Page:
2013 the end of animal testing for cosmetics?

It's about time that the cosmetics industry listened to their consumers, and soon they won't have a choice. All cosmetics, and ingredients of cosmetics, tested on animals, will be banned on the EU market as of 11th March. Well, as long as they don't manage to stall it!

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  1. This got me thinking about the implications for companies who still test on animals because markets such as China demand it. What are they going to do? Pull out of one of the markets? I think they are going to face some very tough choices, but so far many companies seem to be keeping quiet.
  2. Having read further into the issue, it seems there are ways round it after all...
  3. I am really unsure how I feel about this. Although Urban Decay itself will not be undertaking animal testing, they are in a way condoning it by allowing China to carry out their own experiments. I understand they want to help China improve other issues such as women's rights, but I can't help but feel they might have shot themselves in the foot.

    I would hope that an EU ban, and with countries such as Israel banning animal testing for cosmetics, that China will bow to global pressure and review it's own policies. Until then, if I was a cruelty free company, and felt that strongly about it, I would steer well clear! It's just too confusing and controversial for the company's current consumers. Companies such as Paul Mitchell have the right idea.
  4. A brilliant blog post. This proves that the big companies have absolutely no excuse to stay in the Chinese market whilst the laws remain the way they are. It will have been a big decision for Paul Mitchell to pull out, but their beliefs are more important to them. I just wish all other cosmetics companies felt that way.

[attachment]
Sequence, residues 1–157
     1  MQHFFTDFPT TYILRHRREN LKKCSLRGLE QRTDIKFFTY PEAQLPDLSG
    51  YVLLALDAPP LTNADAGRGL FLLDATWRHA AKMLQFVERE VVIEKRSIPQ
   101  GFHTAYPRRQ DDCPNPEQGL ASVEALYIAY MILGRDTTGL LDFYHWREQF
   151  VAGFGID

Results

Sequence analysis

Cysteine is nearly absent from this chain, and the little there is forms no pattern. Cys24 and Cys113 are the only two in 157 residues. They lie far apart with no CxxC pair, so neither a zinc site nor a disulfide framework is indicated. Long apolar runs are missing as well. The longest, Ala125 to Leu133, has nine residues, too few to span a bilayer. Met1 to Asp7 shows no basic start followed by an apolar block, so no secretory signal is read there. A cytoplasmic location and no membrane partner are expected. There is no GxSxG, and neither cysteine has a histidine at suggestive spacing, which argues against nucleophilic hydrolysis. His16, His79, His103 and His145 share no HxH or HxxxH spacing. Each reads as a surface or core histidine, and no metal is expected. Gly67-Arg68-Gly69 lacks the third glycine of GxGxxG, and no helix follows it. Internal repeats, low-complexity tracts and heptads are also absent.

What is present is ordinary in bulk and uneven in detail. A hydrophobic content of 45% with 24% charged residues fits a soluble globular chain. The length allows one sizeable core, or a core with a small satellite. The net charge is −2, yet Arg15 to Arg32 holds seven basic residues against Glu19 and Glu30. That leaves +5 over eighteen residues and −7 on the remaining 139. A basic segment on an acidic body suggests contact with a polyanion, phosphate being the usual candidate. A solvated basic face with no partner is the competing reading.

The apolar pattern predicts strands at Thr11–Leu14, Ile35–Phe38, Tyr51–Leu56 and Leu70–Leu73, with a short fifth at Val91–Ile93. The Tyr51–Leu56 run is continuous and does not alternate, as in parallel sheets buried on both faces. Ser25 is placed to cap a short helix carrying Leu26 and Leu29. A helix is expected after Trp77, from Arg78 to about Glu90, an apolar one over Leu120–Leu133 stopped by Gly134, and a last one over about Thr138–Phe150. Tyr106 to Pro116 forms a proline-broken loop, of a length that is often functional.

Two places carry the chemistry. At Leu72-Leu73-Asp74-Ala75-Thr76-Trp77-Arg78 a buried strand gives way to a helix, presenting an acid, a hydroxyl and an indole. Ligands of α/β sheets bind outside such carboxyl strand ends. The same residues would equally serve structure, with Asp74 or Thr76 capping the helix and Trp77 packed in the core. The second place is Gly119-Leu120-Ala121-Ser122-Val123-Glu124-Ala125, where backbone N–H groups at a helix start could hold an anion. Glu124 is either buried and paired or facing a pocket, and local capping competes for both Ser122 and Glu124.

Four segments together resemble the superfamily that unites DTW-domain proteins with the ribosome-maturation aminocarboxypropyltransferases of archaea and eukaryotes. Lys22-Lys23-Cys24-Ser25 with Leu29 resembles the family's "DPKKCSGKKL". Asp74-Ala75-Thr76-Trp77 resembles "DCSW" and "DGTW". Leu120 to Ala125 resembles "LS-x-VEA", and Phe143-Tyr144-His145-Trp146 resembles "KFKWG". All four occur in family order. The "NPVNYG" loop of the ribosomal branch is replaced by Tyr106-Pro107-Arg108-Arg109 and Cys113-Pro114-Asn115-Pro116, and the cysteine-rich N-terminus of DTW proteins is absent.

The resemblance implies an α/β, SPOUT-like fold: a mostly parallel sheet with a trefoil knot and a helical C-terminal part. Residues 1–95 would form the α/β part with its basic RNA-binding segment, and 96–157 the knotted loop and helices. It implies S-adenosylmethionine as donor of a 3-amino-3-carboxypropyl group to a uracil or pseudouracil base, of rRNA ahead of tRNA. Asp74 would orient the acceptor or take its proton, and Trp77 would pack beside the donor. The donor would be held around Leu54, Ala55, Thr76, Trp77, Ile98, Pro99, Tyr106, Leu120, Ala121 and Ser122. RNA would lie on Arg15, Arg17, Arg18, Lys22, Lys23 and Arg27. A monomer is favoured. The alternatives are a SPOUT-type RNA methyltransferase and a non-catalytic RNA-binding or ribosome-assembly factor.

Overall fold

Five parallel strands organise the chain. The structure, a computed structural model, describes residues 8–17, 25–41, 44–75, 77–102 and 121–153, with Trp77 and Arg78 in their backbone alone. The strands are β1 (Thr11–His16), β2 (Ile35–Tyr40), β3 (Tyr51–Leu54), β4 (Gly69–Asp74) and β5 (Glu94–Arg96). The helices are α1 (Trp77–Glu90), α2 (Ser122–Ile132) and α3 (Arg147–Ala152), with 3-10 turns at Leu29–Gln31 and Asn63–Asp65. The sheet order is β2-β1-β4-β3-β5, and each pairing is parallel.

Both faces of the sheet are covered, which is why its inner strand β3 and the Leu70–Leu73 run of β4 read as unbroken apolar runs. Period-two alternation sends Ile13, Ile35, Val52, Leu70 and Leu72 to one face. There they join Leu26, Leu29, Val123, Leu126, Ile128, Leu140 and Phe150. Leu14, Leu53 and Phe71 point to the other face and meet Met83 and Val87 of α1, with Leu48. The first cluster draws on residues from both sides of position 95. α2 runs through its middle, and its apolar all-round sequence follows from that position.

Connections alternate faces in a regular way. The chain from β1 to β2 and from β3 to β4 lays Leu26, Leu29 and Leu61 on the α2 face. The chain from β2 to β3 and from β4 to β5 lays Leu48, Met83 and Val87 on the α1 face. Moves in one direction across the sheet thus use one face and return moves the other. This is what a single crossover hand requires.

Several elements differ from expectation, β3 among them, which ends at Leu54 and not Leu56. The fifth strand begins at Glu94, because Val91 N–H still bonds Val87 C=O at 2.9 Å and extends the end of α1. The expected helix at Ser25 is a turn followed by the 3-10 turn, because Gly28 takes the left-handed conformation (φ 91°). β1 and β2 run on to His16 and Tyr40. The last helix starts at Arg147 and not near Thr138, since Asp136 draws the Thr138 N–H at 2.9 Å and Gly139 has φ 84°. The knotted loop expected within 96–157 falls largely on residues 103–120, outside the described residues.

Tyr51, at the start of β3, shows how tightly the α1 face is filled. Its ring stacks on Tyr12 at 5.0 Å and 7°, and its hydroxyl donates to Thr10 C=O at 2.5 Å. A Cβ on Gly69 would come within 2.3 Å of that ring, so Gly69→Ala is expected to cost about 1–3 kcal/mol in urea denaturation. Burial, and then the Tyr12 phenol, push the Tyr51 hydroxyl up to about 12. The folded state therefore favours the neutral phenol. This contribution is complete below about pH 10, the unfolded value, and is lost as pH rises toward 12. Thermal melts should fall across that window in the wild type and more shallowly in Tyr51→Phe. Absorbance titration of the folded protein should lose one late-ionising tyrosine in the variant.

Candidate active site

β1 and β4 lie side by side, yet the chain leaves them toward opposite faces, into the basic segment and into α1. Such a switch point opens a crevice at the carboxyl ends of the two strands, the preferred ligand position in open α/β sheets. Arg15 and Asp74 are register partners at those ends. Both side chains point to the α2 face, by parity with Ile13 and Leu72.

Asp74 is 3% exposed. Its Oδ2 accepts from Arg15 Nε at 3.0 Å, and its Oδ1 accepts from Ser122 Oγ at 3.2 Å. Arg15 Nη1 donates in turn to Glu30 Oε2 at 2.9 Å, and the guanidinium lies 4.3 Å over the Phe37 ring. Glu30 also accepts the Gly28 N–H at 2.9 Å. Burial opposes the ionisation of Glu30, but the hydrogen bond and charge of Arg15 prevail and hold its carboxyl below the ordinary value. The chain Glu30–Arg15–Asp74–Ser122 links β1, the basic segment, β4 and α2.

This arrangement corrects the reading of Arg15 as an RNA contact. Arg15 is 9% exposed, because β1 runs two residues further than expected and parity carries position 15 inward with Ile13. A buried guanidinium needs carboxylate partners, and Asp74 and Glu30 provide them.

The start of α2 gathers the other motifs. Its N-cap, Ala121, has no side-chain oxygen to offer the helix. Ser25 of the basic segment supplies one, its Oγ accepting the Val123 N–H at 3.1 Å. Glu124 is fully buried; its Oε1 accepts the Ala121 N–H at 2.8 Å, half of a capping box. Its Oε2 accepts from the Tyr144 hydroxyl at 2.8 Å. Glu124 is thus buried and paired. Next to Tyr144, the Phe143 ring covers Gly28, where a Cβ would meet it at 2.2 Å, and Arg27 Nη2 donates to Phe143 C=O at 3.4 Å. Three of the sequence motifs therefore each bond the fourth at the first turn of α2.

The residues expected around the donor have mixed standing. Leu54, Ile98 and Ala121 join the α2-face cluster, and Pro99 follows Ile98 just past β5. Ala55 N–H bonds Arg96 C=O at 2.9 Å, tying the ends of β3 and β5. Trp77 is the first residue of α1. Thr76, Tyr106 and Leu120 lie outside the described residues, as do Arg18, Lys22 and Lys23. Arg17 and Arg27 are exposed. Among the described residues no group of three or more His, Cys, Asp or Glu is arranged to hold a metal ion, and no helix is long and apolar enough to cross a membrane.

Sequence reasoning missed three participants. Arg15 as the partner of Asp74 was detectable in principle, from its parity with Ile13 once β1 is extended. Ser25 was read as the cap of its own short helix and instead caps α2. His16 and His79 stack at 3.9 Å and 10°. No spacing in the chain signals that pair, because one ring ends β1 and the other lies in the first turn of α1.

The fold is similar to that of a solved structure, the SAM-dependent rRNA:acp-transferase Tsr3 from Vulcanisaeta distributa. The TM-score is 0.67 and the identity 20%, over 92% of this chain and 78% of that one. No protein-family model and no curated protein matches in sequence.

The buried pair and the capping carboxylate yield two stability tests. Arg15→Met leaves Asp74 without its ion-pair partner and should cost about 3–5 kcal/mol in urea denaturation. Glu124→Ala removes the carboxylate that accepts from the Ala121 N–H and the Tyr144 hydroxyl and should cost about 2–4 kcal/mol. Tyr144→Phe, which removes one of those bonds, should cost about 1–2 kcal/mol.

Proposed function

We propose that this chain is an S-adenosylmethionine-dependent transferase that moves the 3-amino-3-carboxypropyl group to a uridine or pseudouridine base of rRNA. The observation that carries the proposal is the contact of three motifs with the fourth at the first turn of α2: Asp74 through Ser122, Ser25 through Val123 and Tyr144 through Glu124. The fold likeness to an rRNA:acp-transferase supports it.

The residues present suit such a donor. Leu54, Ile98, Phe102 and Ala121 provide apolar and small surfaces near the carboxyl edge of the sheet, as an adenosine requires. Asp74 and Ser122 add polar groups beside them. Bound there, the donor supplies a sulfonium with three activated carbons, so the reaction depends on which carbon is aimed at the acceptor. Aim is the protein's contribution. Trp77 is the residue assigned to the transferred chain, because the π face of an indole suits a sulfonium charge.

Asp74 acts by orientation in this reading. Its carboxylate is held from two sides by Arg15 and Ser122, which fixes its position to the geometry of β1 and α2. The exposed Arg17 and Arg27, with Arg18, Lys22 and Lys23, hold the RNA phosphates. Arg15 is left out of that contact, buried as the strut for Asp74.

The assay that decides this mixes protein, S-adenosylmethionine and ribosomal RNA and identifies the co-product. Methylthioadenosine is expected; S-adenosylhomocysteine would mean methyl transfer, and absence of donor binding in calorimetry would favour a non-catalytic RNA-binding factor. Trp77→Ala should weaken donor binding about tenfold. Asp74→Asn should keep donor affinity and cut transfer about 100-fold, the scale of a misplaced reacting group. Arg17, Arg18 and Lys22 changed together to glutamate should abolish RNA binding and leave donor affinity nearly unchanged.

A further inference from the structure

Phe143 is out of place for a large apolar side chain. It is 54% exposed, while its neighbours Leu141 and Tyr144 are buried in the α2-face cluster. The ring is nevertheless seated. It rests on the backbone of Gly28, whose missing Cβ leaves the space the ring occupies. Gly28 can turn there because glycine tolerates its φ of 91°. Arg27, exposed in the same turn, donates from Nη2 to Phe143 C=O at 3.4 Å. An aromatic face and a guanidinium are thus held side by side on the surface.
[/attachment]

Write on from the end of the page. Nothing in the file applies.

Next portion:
The upcoming ban has got Twitter excited, especially the companies that have been rallying for this for years.
  5. The Body Shop have been cruelty free for at least 20 years, although until yesterday I did not realise they were owned by L'Oreal, a company who do still test on animals. The blog post below clears this issue up and I am still confident in the Body Shop and it's campaigns. L'Oreal does not profit from the Body Shop and it is run as a seperate entity to the L'Oreal umbrella.
  6. The best way to find out if the brands you know and love are cruelty free is to check with PETA and BUAV. The PETA lists can be found through the links below:
  7. I also just sent off for my 'Little Book of Cruelty Free', a great free resource for those wishing to shop responsibly:
  8. What gets me more than anything is how hard it is to find out from the companies themselves if they are cruelty free. The terms used are somewhat confusing. This whole 'when required by law' seems to be another way of saying 'we want to sell in China, so we kind of do test on animals'. BE TRANSPARENT! We want a clear conscience, you want our money, but we will get to the bottom of it and you will be found out. Take Estee Lauder's policy for example:
  9. There is a whole lot to this, and I could sit here all day getting angry about animal testing for cosmetics. But I have to be honest and say that I probably do own products that are created by companies who's parent companies test on animals. It's so hard to keep up with who owns what!

    But I would love to hear what you think, and I am very interested in how this ban is going to affect the market, do you think we will see any brands disappear? Do you think China will cave?

    Tweet me @lucykristina

    A final point, to make sure you are buying cruelty free, look for the leaping bunny!
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